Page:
masc. proper name, from Latin Ambrosius, from Greek ambrosios "immortal, belonging to the immortals" (see ambrosia). The Ambrosian Library in Milan, founded 1609 by Cardinal Borromeo, is named for Saint Ambrose (obit 397), bishop of Milan.
ambrosia (n.)
1560s, "favored food or drink of the gods," from Latin ambrosia, from Greek ambrosia "food of the gods," noun use of fem. of ambrosios, probably literally "of the immortals," from ambrotos "immortal, imperishable," from a- "not" (see a- (3)) + mbrotos, related to mortos "mortal," from PIE root *mer- "to rub away, harm" (also "to die" and forming words referring to death and to beings subject to death). Applied to certain herbs by Pliny and Dioscorides; used of various foods for mortals since 1680s (originally of fruit drinks); used figuratively for "anything delightful" by 1731.
ambrosial (adj.)
1590s, "immortal, divine, of the quality of ambrosia;" see ambrosia + -al. Sense of "Fragrant, delicious" is from 1660s. Other adjectives were ambrosiac (c. 1600); ambrosian (1630s).
ambrotype (n.)
type of photograph on glass with lights given by silver and shades by a dark background showing through, 1855, American English, apparently from Greek ambrotos "immortal, imperishable" (see ambrosia), with second element from daguerreotype.
This invention consists in an improved process of taking photographic pictures upon glass, and also of beautifying and preserving the same, which process I have styled "ambrotype." My improved process has reference to the art of taking pictures photographically on a film of collodion upon the surface of a sheet of glass, the collodion being suitably prepared for the purpose. By the use of the said process, the beauty and permanency of such pictures are greatly increased, and I have on this account styled the process "ambrotype," from the Greek word ambrotos, immortal. ["Specification of the Patent granted to James A. Cutting, of Boston, in the United States of America, Photographer, for an Improved Process of taking Photographic Pictures upon Glass and also of Beautifying and Preserving the same. Dated London, July 26, 1854," printed in "Journal of the Franklin Institute," September 1855]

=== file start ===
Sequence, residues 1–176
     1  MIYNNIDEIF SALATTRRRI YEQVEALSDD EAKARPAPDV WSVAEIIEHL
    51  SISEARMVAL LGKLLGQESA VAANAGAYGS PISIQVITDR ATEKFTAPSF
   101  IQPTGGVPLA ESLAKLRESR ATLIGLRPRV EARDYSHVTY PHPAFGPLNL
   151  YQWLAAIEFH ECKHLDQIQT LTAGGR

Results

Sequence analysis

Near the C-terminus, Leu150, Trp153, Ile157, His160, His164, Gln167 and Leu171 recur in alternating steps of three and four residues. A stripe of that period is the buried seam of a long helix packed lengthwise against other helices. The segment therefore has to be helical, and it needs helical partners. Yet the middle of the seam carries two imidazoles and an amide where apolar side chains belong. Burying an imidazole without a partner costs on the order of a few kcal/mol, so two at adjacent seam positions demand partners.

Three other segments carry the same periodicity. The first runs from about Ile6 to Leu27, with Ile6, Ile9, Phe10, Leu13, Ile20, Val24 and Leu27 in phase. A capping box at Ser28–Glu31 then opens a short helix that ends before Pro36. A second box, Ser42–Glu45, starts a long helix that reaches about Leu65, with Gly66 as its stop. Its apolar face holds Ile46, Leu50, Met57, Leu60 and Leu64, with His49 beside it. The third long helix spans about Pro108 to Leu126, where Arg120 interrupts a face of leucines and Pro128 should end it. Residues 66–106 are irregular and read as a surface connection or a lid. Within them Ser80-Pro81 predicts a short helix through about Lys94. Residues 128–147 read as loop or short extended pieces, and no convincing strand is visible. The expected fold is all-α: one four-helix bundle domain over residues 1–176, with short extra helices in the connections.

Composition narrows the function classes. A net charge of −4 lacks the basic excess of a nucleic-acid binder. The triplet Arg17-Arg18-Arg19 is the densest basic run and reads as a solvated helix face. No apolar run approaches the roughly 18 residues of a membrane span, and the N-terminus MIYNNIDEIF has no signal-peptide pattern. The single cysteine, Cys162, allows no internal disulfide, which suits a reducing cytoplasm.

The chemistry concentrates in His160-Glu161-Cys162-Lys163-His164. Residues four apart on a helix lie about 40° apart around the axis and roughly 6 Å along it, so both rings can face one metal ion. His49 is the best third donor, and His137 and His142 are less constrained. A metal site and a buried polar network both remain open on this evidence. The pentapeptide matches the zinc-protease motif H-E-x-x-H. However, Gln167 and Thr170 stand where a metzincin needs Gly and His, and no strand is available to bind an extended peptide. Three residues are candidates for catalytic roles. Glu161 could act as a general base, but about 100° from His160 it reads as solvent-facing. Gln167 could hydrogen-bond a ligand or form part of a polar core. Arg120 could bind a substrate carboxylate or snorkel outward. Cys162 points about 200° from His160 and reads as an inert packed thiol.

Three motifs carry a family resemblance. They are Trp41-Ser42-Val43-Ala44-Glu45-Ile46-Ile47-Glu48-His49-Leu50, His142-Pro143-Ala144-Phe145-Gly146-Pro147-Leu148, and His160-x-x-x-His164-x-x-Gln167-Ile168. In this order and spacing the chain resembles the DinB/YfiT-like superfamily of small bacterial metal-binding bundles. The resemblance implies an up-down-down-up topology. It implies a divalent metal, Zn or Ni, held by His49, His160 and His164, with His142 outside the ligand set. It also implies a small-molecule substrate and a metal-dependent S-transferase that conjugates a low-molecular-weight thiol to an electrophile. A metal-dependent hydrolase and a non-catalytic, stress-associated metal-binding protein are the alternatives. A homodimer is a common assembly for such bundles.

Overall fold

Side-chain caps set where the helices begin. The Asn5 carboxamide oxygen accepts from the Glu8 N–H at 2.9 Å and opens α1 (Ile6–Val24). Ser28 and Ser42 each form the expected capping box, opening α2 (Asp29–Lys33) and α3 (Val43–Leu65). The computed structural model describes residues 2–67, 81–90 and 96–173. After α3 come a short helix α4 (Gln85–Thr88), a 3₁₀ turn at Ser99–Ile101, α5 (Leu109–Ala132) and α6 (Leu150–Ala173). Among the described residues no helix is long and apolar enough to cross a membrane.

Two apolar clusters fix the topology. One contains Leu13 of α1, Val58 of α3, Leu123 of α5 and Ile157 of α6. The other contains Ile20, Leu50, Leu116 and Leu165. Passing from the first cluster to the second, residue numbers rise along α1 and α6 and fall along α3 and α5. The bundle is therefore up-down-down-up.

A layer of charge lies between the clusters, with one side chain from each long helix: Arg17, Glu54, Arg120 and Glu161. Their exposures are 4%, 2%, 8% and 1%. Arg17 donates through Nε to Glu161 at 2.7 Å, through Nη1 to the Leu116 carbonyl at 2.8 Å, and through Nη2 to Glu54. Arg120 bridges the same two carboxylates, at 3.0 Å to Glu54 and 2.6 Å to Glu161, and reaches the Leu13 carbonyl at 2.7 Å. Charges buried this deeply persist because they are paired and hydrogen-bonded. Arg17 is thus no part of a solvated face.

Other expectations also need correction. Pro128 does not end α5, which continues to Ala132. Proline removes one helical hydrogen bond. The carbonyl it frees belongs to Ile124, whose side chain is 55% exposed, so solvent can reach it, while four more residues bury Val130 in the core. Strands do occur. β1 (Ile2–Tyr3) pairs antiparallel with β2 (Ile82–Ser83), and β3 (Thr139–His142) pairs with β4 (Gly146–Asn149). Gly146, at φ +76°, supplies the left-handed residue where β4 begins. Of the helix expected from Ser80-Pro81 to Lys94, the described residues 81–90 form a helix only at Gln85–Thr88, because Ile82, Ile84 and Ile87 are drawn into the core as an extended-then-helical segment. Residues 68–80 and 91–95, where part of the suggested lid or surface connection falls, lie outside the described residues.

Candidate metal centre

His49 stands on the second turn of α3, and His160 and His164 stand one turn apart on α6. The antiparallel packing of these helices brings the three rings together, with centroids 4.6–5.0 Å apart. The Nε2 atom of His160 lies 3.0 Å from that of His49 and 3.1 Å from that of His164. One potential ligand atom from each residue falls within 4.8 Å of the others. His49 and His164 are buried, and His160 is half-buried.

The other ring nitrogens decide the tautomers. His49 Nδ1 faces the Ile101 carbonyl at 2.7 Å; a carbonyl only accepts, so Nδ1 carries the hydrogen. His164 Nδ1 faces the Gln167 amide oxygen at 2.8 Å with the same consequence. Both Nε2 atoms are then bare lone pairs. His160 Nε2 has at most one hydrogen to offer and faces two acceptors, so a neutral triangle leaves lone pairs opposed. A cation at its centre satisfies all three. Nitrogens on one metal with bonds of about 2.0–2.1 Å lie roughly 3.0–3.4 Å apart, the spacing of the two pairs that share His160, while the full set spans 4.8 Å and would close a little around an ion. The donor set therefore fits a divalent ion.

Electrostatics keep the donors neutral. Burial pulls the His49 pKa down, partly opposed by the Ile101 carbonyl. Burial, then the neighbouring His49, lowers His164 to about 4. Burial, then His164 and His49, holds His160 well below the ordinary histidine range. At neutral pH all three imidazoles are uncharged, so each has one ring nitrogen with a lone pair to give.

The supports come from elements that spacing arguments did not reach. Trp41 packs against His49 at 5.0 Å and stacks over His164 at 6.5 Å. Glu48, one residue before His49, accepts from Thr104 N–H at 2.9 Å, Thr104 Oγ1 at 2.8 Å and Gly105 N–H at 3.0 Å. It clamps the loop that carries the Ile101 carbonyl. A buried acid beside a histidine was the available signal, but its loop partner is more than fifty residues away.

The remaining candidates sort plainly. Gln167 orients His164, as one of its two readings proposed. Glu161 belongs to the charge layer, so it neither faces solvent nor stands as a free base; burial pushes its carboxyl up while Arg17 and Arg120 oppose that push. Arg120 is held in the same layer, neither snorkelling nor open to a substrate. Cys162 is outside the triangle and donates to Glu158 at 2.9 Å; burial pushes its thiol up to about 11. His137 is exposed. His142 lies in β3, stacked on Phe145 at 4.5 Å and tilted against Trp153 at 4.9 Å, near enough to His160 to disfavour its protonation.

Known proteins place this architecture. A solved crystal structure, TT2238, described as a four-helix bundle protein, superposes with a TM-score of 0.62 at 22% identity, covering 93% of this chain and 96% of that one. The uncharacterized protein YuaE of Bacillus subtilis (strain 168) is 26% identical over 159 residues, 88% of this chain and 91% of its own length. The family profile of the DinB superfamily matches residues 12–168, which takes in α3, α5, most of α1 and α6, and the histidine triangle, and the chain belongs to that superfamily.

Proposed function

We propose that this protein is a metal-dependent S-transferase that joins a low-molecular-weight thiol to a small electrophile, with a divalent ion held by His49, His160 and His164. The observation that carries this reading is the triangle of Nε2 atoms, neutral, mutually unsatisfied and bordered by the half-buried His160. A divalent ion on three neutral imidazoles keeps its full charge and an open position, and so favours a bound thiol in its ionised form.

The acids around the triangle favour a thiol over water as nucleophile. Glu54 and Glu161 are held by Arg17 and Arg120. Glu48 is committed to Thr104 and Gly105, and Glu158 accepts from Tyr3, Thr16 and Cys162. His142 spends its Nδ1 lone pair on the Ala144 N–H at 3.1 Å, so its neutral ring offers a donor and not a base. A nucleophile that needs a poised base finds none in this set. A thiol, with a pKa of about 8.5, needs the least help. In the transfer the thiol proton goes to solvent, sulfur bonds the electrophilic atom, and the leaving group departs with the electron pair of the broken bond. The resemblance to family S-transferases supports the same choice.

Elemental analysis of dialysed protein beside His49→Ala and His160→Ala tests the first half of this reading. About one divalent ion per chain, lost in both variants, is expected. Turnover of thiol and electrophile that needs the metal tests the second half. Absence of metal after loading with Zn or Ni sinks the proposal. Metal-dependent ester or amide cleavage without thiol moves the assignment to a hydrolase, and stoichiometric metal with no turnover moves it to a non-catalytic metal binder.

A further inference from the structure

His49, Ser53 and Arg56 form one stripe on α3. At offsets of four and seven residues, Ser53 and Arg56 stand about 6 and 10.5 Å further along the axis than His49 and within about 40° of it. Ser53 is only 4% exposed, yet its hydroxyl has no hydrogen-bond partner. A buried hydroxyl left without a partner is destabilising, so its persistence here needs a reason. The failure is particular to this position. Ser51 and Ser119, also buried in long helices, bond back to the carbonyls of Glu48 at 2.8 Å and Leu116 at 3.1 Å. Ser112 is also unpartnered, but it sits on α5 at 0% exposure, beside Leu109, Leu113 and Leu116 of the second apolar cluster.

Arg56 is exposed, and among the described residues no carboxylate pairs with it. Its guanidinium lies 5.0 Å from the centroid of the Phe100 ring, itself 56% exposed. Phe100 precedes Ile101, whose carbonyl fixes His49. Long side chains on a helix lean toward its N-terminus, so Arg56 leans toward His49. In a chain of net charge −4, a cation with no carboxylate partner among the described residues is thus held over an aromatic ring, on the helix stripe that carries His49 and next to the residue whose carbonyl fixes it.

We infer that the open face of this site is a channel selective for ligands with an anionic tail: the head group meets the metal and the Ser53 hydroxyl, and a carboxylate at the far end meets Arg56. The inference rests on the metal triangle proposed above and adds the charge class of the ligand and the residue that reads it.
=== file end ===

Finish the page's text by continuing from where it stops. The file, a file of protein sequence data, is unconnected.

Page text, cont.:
ambulance (n.)
1798, "mobile or field hospital," from French ambulance, formerly (hôpital) ambulant (17c.), literally "walking (hospital)," from Latin ambulantem (nominative ambulans), present participle of ambulare "to walk, go about" (see amble).
AMBULANCE, s. f. a moveable hospital. These were houses constructed in a manner so as to be taken to pieces, and carried from place to place, according to the movements of the army; and served as receptacles in which the sick and wounded men might be received and attended. ["Lexicographica-Neologica Gallica" (The Neological French Dictionary), William Dupré, London, 1801]
The word was not common in English until the meaning transferred from "field hospital" to "vehicle for conveying wounded from the field" (1854) during the Crimean War. Extended early 20c. to vehicles to transport the sick or wounded in civilian life. In late 19c. U.S. the same word was used dialectally to mean "prairie wagon." Ambulance-chaser as a contemptuous term for a type of lawyer dates from 1897.